Jacqueline Rose, Friday, September 17, 2010 writes
For some time now, David Grossman has been describing his writing as a means of survival, as a way of no longer feeling a victim in the "disaster zone" of the seemingly eternal conflict that is Israel-Palestine. At moments he has talked of the risk of dispassion, of being paralysed with fear and despair. With the publication of this extraordinary, impassioned novel, such purpose or hope acquires a new meaning and intensity. It now seems that the life to be saved by writing, even though the struggle may be doomed, could only be – perhaps always has been – the life of a child.
The New Yorker
George Packer, September 27, 2010 writes
At 2:40 a.m. on Sunday, August 13th, the doorbell rang at the Grossman house. Over the intercom, a voice said, “From the town major’s office.” Michal had left the outside light on, in case of such a visit. As Grossman went to the door, he told himself, That’s it, our life is over.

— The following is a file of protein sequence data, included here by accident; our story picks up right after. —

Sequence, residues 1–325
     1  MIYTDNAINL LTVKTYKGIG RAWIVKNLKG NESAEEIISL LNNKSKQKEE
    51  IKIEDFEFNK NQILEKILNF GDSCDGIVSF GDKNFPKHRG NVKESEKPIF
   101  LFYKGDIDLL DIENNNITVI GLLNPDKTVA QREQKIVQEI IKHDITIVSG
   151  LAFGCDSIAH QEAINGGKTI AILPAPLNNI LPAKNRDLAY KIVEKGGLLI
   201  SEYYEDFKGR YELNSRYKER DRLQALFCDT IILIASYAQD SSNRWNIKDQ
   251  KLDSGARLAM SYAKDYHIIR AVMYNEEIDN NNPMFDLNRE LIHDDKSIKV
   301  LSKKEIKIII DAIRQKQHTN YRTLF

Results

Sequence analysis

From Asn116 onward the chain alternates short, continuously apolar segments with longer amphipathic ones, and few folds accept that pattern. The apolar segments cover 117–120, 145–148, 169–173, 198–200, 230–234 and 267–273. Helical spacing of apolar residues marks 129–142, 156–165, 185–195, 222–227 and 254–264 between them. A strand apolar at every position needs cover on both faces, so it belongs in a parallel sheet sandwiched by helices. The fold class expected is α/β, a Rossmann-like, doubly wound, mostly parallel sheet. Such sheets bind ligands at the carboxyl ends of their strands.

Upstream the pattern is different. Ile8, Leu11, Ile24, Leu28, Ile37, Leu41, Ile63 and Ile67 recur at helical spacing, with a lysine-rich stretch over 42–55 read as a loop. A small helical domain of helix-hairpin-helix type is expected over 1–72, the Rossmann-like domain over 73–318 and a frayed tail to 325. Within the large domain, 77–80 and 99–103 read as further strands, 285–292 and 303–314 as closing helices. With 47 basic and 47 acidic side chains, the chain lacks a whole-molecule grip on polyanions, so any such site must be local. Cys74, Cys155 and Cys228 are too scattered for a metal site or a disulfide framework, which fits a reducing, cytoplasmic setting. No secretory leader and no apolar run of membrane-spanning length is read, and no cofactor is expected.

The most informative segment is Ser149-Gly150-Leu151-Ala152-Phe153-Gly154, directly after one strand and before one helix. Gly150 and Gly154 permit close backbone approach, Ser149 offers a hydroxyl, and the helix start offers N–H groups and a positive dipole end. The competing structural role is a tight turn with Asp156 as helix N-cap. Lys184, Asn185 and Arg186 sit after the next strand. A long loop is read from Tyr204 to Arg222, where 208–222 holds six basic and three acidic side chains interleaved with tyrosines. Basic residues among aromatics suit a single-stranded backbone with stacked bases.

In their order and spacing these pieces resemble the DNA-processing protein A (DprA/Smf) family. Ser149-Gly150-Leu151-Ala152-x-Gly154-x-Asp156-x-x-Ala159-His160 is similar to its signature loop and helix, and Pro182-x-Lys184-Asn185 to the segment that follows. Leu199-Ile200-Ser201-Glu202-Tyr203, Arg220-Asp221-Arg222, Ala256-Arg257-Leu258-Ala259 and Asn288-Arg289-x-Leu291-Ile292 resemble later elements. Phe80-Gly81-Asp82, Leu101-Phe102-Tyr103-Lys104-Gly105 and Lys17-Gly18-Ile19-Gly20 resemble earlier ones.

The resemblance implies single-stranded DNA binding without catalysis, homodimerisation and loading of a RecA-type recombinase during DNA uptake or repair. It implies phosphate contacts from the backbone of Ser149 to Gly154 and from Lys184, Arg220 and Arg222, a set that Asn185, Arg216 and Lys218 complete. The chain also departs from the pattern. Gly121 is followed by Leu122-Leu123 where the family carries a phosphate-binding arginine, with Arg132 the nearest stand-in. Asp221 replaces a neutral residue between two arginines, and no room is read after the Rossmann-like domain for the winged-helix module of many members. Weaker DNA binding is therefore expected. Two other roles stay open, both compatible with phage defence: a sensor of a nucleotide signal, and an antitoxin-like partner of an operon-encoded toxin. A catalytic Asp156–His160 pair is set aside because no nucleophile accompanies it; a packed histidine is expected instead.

The New York Times
Colm Toibin, September 23, 2010 writes
In a note at the conclusion of his somber, haunting new novel, “To the End of the Land,” he explains that he began writing it in May 2003 — around the same time he wrote that introduction, six months before the end of his older son’s military service and a year and a half before his younger son, Uri, enlisted. “At the time,” he writes, “I had the feeling — or rather, a wish — that the book I was writing would protect him.”
Delia Lloyd, March 9, 2011 writes
1. It's about motherhood. This is first and foremost a book about being a parent -- and, perhaps even more specifically, being a mother.
I'm an expert amateur or maybe an amateur expert.